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Energy Newsbriefs Blog

This current awareness service is prepared by the WSU Energy Program Library with funding from the U.S. Department of Energy State Energy Program. This information is provided for energy professionals and interested members of the public to highlight recent energy-related news, articles, and reports that discuss energy efficiency, energy conservation, and renewable sources of energy in engineering and policy circles.

 

Category: Distributed Generation

Distributed Generation


Options for Emissions, Noise, and Fuel Handling [On-site Generation]

Business Energy, Sept./Oct. 2014, by Ed Ritchie.
http://www.distributedenergy.com/DE/articles/27099.aspx

"Onsite energy continues to prove itself as an economical and sustainable solution for businesses and institutions. But as it grows in popularity, the marketplace and government agencies are adding regulations for noise, emissions, and fuel handling. In the past such requirements would have slowed progress, but today there’s good news from a variety of manufacturers that have developed innovative solutions to these market challenges."

Advancing Microturbine Technology: A Small Package, Turbocharged

Cogeneration & On-Site Power Production, Jul/Aug 2014, by David Dewis.
http://www.cospp.com/articles/print/volume-15/issue-4/features/advancing-microturbine-technology-a-small-package-turbocharged.html

"Advanced microturbine technology with an intercooled and recuperated (ICR) cycle can deliver efficiency and low emissions at a competitive price. Now in the testing stage, ICR microturbines will be the foundation for the next generation of clean and efficient distributed generation, writes David Dewis."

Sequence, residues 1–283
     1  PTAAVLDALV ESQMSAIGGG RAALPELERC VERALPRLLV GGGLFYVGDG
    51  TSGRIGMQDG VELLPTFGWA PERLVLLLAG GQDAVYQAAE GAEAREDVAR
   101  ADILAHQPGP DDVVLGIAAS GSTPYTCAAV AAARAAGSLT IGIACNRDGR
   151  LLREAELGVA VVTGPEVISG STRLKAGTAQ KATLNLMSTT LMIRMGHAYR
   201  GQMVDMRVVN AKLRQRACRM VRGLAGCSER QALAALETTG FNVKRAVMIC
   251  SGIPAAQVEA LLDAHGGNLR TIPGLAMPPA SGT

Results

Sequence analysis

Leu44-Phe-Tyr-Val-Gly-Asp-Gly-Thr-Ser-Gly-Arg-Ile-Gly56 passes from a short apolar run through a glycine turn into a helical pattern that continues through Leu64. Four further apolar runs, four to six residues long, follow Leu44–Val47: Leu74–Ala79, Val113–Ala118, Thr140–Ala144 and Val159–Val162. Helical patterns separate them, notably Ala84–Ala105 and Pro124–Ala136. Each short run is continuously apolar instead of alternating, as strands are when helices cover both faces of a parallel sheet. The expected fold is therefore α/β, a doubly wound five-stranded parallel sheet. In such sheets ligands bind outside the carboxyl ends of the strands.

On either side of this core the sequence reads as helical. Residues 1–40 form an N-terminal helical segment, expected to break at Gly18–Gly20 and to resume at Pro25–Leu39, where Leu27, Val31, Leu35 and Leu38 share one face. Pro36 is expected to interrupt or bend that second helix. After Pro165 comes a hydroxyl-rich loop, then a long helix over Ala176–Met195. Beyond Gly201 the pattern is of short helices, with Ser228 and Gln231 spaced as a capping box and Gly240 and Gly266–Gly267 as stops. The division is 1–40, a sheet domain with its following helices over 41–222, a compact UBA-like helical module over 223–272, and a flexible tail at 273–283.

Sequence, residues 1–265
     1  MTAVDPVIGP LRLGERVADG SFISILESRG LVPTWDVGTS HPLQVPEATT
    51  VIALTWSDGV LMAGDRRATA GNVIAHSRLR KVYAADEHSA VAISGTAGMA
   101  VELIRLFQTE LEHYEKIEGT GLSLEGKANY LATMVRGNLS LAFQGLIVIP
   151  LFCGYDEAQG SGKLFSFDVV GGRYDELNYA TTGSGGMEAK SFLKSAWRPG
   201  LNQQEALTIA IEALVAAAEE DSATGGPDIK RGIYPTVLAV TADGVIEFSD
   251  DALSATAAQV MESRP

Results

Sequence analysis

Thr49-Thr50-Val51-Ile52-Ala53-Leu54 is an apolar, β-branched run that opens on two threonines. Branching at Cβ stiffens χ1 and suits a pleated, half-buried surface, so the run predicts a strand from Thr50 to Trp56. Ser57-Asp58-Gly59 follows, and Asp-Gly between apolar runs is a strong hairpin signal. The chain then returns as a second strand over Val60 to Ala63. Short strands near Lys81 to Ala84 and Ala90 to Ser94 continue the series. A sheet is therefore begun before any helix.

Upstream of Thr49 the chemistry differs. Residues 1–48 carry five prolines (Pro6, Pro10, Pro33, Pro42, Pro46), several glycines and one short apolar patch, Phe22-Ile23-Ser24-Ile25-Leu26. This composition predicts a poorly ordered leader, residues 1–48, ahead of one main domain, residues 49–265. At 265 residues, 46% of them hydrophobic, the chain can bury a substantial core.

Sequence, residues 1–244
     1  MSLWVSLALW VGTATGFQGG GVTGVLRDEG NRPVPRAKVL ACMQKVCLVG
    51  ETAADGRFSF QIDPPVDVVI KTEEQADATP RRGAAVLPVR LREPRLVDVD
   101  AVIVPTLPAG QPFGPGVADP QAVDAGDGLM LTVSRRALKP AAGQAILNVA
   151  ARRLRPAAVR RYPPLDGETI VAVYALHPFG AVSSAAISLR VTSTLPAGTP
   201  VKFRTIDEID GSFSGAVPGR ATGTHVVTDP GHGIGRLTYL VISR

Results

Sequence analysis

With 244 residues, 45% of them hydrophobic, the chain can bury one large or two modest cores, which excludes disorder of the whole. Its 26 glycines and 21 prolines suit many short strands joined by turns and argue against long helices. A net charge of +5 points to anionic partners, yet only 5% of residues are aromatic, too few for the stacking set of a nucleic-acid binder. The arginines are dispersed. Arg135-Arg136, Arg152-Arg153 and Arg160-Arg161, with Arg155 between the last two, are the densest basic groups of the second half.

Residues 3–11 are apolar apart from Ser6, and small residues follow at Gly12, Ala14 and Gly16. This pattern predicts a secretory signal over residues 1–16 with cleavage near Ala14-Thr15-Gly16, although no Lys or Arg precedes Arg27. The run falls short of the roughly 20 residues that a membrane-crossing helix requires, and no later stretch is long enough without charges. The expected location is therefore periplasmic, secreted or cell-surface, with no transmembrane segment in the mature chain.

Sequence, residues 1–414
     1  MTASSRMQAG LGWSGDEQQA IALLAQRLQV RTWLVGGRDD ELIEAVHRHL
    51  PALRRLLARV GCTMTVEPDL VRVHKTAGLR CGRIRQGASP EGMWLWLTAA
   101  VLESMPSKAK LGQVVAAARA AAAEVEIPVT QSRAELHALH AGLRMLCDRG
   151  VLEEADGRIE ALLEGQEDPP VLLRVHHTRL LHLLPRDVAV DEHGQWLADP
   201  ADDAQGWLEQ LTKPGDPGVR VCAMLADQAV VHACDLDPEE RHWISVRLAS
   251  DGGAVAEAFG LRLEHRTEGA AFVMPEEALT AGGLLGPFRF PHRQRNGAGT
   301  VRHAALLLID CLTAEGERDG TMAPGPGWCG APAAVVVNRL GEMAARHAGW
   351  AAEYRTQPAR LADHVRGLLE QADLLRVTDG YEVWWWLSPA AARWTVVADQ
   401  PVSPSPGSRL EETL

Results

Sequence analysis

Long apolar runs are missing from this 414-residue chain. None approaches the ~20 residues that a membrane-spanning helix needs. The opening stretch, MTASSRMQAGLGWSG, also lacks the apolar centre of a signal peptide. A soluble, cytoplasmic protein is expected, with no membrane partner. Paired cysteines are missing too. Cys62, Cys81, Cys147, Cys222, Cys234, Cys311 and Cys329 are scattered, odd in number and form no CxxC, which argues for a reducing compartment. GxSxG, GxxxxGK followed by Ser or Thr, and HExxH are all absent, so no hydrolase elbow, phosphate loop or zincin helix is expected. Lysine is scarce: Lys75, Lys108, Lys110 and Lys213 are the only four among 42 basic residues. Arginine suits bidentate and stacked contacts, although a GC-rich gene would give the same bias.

Combined Heat and Power and Clean Distributed Energy Policies

American Council for and Energy-Efficient Economy (ACEEE), July 2, 2014, by Anna Chittum and Neal Elliott. (Free registration required to view full-text of report.)
http://www.aceee.org/policy-brief/combined-heat-and-power-and-clean-distributed-energy-poli

"Combined heat and power (CHP) systems generate electricity and useful thermal energy in a single, integrated system. CHP is not a technology, but a particular way to deploy existing technologies. Heat that is normally wasted in conventional power generation is recovered as useful energy, so CHP systems are more efficient and provide environmental, economic, and energy system infrastructure benefits. However, several barriers impede cost-effective CHP applications, including lack of common interconnection protocols, discriminatory standby rates, and emissions regulations that do not recognize the improved efficiency levels of CHP systems."

PURPA: It’s Not Just for IOUs Anymore

Northwest Public Power Association (NWPPA) Bulletin, Jul. 2014, by Richard Lorenz. (Scroll to page 18.)
http://www.nwppa.org/External/WCPages/WCWebContent/WebContentPage.aspx?ContentID=1805

"There may be a misconception in our region that PURPA (Public Utility Regulatory Policies Act) only applies to investor-owned electric utilities that are subject to the jurisdiction of the Federal Energy Regulatory Commission (FERC). However, this is not the case."

California's Wild Solar Ride Nears a Crossroads

Solar Industry, July 2014, by Michael Puttre.